Being Served with a Freezing Injunction 

What happens when the respondent is served a freezing injunction? 

The applicant usually applies for the freezing injunction on an ‘ex parte’ basis, meaning that the respondent will not be told about it. The court will consider the merits of the application for the freezing injunction and if granted the respondent will be served notice immediately in person or via a letter. The order will then be effective until a full hearing takes place.  

Non-exhaustive grounds for defending a freezing injunction 

1. No serious risk of dissipation 

One of the primary grounds for defending against a freezing injunction is to demonstrate that there is no real risk that the respondent will dissipate or dispose of their assets to evade judgement. If the respondent can provide evidence showing that their assets are not at risk of being removed from the jurisdiction or that they have a legitimate reason for transferring assets, the court may be less inclined to grant the injunction. 

2. Full and Frank Disclosure 

If the applicant seeking the injunction did not provide full and accurate information to the court when applying for the injunction, this could be a basis for defending against it. The respondent can argue that the applicant has not met their duty of full and frank disclosure, which undermines the integrity of the injunction. 

3. Proportionality  

If the freezing injunction is overly broad or disproportionate in relation to the potential claim or risk, the respondent could argue that it unfairly restricts their ability to conduct normal business activities. The court may consider whether the scope of the injunction is reasonable and necessary. 

4. Change in Circumstances 

If circumstances have changed since the initial application for the injunction, the respondent can argue that those changes negate the need for the injunction. For instance, if the respondent’s financial situation has improved or the risk of dissipation has diminished, this could be used as a defence.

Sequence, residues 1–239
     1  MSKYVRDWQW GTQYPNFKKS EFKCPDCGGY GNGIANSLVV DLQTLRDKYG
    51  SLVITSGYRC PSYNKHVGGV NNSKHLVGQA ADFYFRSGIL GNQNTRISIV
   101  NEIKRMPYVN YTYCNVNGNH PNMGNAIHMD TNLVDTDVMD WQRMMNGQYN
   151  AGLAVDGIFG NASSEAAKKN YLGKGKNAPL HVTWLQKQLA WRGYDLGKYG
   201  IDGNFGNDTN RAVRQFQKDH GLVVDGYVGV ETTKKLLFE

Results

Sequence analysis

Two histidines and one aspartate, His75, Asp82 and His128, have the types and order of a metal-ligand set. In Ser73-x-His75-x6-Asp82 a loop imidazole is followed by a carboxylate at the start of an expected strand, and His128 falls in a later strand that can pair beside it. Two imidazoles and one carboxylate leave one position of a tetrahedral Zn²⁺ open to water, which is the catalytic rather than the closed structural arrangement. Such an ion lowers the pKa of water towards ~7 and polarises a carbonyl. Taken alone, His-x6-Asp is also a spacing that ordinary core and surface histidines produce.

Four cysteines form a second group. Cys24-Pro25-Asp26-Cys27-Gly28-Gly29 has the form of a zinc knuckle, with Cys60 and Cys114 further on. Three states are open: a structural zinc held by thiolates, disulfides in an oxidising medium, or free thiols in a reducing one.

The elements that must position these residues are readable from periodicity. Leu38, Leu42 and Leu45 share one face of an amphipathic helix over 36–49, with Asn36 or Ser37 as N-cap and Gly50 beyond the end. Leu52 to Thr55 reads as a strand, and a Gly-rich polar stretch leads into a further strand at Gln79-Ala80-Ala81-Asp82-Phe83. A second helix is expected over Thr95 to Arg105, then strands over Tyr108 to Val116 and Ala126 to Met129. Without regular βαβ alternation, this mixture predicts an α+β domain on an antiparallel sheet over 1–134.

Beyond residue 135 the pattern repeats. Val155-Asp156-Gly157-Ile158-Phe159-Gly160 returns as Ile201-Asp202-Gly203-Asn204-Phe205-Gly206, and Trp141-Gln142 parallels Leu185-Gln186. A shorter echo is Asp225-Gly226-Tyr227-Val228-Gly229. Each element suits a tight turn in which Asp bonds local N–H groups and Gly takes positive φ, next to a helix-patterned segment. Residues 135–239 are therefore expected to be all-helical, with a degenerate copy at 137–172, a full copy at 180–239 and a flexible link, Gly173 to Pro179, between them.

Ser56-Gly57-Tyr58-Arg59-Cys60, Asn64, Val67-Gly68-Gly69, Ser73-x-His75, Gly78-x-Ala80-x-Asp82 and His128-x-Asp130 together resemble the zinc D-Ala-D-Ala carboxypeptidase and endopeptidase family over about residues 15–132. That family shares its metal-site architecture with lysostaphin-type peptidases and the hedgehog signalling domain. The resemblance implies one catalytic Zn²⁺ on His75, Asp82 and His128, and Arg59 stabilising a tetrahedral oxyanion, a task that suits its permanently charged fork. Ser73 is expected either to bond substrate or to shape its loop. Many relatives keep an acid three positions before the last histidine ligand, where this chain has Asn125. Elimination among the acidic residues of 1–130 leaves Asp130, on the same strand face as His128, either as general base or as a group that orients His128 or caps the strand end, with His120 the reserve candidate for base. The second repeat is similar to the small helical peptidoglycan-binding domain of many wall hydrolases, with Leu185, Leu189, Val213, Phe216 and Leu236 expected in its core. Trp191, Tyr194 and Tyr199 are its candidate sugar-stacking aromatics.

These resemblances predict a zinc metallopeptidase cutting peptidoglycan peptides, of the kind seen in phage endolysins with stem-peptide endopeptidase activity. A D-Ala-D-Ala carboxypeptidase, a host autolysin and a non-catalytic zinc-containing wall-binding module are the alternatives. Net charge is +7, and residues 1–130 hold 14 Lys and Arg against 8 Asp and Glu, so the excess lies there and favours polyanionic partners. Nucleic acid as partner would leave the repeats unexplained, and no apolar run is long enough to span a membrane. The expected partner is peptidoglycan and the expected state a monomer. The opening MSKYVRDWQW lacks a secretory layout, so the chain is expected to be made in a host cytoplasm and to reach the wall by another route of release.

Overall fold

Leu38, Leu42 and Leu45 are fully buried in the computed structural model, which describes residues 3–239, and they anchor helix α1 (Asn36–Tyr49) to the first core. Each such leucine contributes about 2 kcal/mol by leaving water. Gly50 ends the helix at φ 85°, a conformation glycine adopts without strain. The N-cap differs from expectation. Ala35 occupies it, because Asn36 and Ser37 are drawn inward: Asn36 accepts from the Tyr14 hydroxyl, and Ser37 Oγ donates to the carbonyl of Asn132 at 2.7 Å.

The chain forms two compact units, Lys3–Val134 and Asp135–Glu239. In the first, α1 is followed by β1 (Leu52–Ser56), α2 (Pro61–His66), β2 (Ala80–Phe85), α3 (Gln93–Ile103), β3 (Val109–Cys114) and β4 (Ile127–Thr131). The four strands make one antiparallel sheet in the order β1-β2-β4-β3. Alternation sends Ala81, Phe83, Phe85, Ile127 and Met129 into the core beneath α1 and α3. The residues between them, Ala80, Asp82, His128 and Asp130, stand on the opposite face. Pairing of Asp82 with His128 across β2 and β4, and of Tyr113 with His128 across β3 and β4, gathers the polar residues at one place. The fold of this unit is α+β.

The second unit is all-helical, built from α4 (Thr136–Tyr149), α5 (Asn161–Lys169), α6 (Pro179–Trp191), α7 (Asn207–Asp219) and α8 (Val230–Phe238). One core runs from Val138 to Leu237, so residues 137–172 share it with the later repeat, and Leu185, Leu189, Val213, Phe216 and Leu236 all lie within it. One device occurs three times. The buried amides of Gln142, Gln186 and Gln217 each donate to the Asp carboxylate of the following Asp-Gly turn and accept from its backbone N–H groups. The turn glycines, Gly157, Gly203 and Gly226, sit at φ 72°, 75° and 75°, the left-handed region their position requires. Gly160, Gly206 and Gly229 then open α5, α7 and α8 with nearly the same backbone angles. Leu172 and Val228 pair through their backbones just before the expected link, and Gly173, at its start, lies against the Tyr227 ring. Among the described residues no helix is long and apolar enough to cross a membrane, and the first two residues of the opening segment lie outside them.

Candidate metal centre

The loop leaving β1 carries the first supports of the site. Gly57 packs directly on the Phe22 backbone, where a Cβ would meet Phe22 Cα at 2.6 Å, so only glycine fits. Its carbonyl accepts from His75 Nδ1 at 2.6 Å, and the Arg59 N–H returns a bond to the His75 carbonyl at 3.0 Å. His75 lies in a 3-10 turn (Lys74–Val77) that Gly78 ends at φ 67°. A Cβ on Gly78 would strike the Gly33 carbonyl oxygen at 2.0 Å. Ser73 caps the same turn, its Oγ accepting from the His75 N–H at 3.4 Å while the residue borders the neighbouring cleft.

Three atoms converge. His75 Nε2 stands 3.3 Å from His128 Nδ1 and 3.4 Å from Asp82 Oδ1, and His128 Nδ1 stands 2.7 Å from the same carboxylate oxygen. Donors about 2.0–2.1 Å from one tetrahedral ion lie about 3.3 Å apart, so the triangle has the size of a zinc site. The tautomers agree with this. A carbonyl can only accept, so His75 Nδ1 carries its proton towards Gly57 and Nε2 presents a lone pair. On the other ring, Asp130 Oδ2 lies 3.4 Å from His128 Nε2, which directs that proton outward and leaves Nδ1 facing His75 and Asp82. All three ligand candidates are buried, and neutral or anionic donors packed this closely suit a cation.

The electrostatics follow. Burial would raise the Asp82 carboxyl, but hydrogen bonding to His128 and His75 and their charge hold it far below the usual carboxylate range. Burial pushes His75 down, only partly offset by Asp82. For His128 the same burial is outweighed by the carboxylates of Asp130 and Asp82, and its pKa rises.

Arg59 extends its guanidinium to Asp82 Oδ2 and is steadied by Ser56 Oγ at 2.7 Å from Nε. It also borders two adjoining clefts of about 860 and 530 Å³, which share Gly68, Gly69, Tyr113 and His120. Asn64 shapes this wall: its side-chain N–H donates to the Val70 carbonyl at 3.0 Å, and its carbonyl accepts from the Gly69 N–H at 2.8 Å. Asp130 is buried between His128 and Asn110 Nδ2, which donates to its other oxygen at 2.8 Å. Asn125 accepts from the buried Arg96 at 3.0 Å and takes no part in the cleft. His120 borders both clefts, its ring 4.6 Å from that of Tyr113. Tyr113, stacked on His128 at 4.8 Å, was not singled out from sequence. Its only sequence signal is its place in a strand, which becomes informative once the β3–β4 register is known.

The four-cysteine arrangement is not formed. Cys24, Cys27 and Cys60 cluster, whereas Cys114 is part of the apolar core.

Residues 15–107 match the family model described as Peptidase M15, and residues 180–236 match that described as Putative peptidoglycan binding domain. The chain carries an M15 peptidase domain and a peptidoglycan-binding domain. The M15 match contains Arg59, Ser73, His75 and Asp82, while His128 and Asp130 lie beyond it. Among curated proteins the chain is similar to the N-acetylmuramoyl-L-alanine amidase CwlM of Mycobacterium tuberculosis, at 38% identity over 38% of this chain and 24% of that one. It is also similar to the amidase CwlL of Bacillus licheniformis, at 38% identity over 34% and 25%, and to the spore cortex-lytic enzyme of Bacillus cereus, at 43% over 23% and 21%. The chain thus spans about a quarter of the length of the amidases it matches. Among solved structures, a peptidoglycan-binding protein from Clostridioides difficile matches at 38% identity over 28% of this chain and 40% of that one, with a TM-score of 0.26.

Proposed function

What happens if the freezing injunction is discarded? 

If the freezing injunction is discharged at the hearing, then the respondent will be free to access their assets. There is also a possibility to receive compensation because the applicant may be required to provide an undertaking in damages when applying for the freezing injunction. If the court finds that that there was no reasonable cause for the freezing injunction, then the respondent may be awarded damages for stress, inconvenience and financial losses that may have been caused.  

Can a freezing injunction be varied?  

A freezing injunction can be varied. This may be the best course of action if there are no sufficient grounds to have the order discharged.  A freezing order has serious implication and is a serious intrusion to the respondent’s life. If the terms of the order are oppressive, a respondent has the right to ask for these to be amended; such amended can include greater living costs and other exemptions. For this to succeed, the respondent has to show the court that they will suffer a loss and the impact of such loss would cause unnecessary hardship.  

*This article is not legal advice but provides a general overview. The specific details of your case will determine the best course of action.